After cutting wood into different pieces using a variety of manual or power saws, it is time to attach/assemble them properly using screws, nails, nuts and bolts. While screwdrivers, wrenches and other hand tools are definitely helpful, you can expedite the process efficiently with the help of some power tools such as Impact Drivers and Impact Wrenches. Many people often seem to have a confusion between these two. So, in this guide, let us understand what exactly is an Impact Wrench and an Impact Driver, what are their main features and also a simple side-by-side comparison of Impact Wrench vs Impact Driver.
What is an Impact Driver?
An Impact Driver is a power tool that is used to drive screws easily and efficiently. You use an Impact Driver to install screws of any size and any head type such as flat head, Philips, Torx, Square, Star etc.
A Power Drill is perhaps the most popular power tool that we use to drill holes in wood, metal, concrete (masonry) and other materials. Before the popularity of Impact Drivers, we used Power Drills to even drive screws. But an Impact Driver is much more efficient and safer for this job due to its hammering mechanism.
In a regular power drill, the chuck only rotates at the desired speed. But in case of an Impact Driver, the chuck will not rotate but also exerts a hammering action on the screw which will put more force on the screw head without you having to pressure your arm. You can also use an impact driver to drill holes but I would suggest you to go for separate drill and driver tools.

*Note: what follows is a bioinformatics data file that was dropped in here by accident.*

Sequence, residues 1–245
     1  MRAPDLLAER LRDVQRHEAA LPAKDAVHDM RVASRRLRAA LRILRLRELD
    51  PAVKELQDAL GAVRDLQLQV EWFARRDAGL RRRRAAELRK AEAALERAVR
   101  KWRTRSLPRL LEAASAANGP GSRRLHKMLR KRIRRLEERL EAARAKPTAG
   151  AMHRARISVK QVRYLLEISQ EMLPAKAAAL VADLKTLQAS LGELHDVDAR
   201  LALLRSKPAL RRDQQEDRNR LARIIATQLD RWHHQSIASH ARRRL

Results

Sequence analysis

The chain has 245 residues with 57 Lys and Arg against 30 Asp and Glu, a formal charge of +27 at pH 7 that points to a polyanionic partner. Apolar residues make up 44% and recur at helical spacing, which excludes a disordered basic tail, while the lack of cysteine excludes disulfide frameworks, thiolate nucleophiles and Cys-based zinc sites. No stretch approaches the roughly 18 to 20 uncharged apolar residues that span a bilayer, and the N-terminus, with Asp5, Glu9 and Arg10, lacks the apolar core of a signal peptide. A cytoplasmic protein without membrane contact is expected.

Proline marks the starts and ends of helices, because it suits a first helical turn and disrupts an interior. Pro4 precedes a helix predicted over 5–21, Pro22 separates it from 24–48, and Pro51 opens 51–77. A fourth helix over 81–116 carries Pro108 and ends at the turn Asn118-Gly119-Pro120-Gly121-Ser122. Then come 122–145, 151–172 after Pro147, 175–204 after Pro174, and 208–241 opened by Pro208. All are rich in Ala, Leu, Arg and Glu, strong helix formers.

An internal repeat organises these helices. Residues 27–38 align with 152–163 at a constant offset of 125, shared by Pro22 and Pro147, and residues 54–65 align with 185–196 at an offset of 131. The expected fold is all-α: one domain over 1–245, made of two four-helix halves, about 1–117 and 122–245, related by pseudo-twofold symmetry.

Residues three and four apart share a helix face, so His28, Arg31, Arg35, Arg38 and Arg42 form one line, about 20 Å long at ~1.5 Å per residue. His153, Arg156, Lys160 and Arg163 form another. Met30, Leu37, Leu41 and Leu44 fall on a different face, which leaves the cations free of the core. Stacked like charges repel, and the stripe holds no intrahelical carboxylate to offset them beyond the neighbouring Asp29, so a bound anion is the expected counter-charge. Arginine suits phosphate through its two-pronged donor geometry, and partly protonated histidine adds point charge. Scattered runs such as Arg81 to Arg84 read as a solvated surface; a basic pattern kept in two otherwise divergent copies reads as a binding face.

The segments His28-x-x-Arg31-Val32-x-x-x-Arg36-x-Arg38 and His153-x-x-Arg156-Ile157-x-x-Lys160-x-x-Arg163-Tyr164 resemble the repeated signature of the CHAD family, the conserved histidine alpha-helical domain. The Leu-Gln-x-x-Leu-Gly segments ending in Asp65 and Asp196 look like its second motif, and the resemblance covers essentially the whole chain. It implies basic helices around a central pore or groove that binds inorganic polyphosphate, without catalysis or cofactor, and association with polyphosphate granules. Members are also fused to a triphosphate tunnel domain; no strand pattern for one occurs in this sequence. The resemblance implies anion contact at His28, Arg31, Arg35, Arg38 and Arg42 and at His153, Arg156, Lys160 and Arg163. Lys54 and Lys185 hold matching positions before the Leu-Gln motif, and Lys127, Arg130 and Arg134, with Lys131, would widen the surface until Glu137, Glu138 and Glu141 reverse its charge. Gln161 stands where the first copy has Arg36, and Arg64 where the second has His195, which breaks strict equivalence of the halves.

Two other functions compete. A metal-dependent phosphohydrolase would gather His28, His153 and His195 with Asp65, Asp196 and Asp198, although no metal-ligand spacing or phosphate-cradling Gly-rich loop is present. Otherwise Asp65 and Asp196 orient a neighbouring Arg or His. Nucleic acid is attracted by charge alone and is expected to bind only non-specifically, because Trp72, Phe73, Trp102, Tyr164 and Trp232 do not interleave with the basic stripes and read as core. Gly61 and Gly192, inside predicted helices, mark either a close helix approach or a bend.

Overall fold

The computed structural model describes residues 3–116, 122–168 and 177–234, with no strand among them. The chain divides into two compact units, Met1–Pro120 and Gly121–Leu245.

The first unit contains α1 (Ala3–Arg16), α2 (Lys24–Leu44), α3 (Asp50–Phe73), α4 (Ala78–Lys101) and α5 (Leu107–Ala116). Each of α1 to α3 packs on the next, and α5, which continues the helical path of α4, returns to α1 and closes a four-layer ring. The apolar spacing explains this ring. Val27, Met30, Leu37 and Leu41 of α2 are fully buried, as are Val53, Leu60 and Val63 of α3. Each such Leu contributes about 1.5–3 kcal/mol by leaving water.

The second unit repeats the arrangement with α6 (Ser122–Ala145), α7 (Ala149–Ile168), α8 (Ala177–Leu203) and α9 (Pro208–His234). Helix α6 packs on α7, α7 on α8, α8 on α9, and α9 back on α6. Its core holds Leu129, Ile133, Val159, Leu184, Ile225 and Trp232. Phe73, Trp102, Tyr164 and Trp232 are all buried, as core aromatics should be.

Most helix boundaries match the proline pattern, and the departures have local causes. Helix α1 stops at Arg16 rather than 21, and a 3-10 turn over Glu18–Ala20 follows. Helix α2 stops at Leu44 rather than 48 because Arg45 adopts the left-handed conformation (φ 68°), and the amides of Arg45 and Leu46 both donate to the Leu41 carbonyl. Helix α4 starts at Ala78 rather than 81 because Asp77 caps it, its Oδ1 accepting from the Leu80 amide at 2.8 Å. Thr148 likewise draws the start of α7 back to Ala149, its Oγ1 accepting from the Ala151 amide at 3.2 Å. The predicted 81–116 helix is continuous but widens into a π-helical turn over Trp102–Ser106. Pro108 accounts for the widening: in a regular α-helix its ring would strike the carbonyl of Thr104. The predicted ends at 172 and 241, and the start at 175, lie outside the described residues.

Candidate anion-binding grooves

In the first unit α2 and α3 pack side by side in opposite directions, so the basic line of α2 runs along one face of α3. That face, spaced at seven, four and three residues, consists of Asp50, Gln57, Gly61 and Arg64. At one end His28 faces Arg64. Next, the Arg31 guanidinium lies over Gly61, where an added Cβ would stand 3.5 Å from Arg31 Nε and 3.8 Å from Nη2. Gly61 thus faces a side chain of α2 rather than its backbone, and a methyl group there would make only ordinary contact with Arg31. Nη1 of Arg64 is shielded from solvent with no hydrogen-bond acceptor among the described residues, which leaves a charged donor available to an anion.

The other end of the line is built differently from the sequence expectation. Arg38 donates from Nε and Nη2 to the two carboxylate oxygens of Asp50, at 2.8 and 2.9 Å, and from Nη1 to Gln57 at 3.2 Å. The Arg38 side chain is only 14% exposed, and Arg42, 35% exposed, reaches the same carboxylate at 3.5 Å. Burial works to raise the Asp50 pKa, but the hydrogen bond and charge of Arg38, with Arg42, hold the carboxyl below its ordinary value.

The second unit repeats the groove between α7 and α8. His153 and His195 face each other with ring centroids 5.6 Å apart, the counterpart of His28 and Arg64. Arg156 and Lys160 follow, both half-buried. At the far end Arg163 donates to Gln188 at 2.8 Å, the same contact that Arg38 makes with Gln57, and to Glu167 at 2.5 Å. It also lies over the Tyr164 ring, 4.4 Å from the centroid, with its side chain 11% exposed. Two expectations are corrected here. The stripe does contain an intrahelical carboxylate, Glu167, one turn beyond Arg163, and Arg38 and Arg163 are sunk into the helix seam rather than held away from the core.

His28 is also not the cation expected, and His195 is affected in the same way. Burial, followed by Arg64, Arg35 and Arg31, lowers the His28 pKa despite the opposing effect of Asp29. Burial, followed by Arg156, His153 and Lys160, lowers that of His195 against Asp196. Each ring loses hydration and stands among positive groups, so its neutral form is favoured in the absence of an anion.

The combination of a Drill and an Impact Driver is very useful for many professionals. You can drill holes using the drill and drive screws into those holes using the impact driver.
Impact Drivers are available as both corded and cordless electric model. In these, the cordless impact drivers are becoming extremely popular among professionals as well as DIYers. As they are cordless electric, the battery voltage plays an important role in its performance, compatibility and power. The most popular battery voltages are 12V, 18V and 20V.
Fun Fact: A simple way to differentiate between a Drill and an Impact Driver is by looking at their respective chucks. In case of a drill, the chuck has a metal jaw that widen or narrow to insert the bit. But an Impact Driver’s Chuck has a metal sleeve that pulls out or retracts to insert or remove the bit.
Key Features of Impact Driver
- Used for driving screws.
- Hammering action to drive screws with more force
- Has more torque than a regular power drill
- 1/4“ Hex Drive is the most common drive chuck
- Available in both corded and cordless electric variants
- Good quality cordless impact drivers with 20V battery are available from $50
What is an Impact Wrench?
We use wrenches all the time to tighten or loosen fasteners such as nuts and bolts. A torque wrench is a slightly advanced version of a regular wrench in the sense that you can precisely set the torque of a nut/bolt either in foot-pound or Newton-meters.
But both these tools are primarily hand tools. The power tool variant of these is an Impact Wrench. It is a power tool (usually electric but sometimes pneumatic) that tightens or loosens nuts and bolts with a hammering action.
They look very similar to an impact driver but the performance number are significantly different. An Impact Driver is very powerful than both the power drill and also the impact driver.
Due to the sheer amount of force, we need to be carful where we use impact wrenches and if you are working on a delicate product/material, then the hammering action might cause damage. We use impact drivers regularly in automobiles, metal works, construction and other similar jobs.
A key way to differentiate between an impact driver and an impact wrench is by their chucks. In case of an impact driver, the chuck is often a 1/4” hex drive while it is a 1/2” square drive, in case of an impact wrench. There are other drive sizes and adapter to convert from one size/drive to other but these are very common.